Evidence-based Practice | EBP107AThis subject provides you with an introduction to the essential components of evidence-based practice: health informatics, research and digital literacy, and critical thinking. You will develop the skills necessary to locate, critique and interpret a research article, and gain an understanding of how research evidence is translated into practice. You will become familiar with quantitative and qualitative evidence, research methodology, basic descriptive and inferential statistics and the foundational skills to evaluate and appraise evidence in healthcare.
Chinese Medicine Diagnosis and Pattern Differentiation | CMD102Chinese Medicine Diagnosis and Pattern Differentiation introduces students to the unique diagnostic tools used in Chinese Medicine to diagnose and treat disease. This subject will teach students how to examine patients using the four methods of diagnosis (observation including the tongue, listening and smelling, interrogation and palpation, including pulse taking) and how to interpret the clinical information gathered by examination. Diagnosis in Chinese Medicine is based on the theory that signs and symptoms reflect the condition of the internal organs and that all signs and symptoms form a ‘pattern’ of disharmony. Pattern differentiation and the Eight principles will be described in detail. Students will learn how to apply the Eight Principles and the four methods to formulate a disease pattern that explains the origin, location, and nature of a disease, enabling students to understand the progression of the disease and providing an initial guide to the principles of treatment.
Human Structure & Physiology 2 | HSP102AHuman Structure & Physiology 2 will further develop knowledge of the structure and physiology of the human body with special attention given to the integration of human systems and beginning to explore the impact of disturbances in Homeostasis and disruption of normal function. The structure and function of the lymphatic, immune, digestive, nervous, endocrine, urinary, reproductive systems and the special senses are covered in detail including the homoeostatic control mechanisms of each system and the integration of the systems in the body. This subject builds on the knowledge and understandings of human structure and physiology, provides the foundation to look at disease, disorders and syndromes and their pathophysiology, in later subjects.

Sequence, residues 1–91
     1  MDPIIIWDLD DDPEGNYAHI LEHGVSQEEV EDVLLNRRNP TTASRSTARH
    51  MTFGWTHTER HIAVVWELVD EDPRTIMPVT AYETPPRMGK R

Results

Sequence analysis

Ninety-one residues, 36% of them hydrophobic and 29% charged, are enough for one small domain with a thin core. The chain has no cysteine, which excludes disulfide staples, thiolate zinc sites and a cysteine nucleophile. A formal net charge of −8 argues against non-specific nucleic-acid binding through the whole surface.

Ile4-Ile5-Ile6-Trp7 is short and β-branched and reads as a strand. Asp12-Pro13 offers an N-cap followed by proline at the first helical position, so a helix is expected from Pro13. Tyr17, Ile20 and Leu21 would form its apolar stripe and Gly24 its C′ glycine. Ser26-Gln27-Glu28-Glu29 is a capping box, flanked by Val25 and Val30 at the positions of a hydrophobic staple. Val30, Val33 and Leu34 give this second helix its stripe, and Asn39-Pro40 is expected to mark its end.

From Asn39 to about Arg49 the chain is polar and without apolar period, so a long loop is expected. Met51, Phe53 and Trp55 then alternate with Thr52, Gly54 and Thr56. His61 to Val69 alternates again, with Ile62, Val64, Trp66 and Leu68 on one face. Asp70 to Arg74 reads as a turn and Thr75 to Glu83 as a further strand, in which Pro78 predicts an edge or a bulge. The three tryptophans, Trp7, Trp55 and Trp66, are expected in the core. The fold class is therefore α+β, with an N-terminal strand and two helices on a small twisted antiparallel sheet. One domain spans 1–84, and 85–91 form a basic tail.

Professional Communication and Collaboration | HSC101Professional Communication and Collaboration will introduce you to the skills required by health professionals to enable effective interactions within a wide variety of inter-personal and inter-professional workplace settings. You will work on developing practical skills to assist in the building, maintenance, and endings of professional relationships with clients, other professionals, and members of the community across multi-modal communication settings. You will be introduced to frameworks promoting change, compliance, self-efficacy, goal-setting and collaboration. This subject will also cover those foundational counselling skills that are applicable to a wide variety of health professions, such as core counselling behaviours, listening skills, and communication micro-skills. Sessions facilitate your understanding of the importance of ethical communication, diversity and inclusion considerations, professional expectations and the development of professional behaviours including self-reflection and self-care. Agile and adaptable communication skills to support working with clients and with other professionals collaboratively and inclusively, allowing for conflict resolution and appropriate endings of relationships.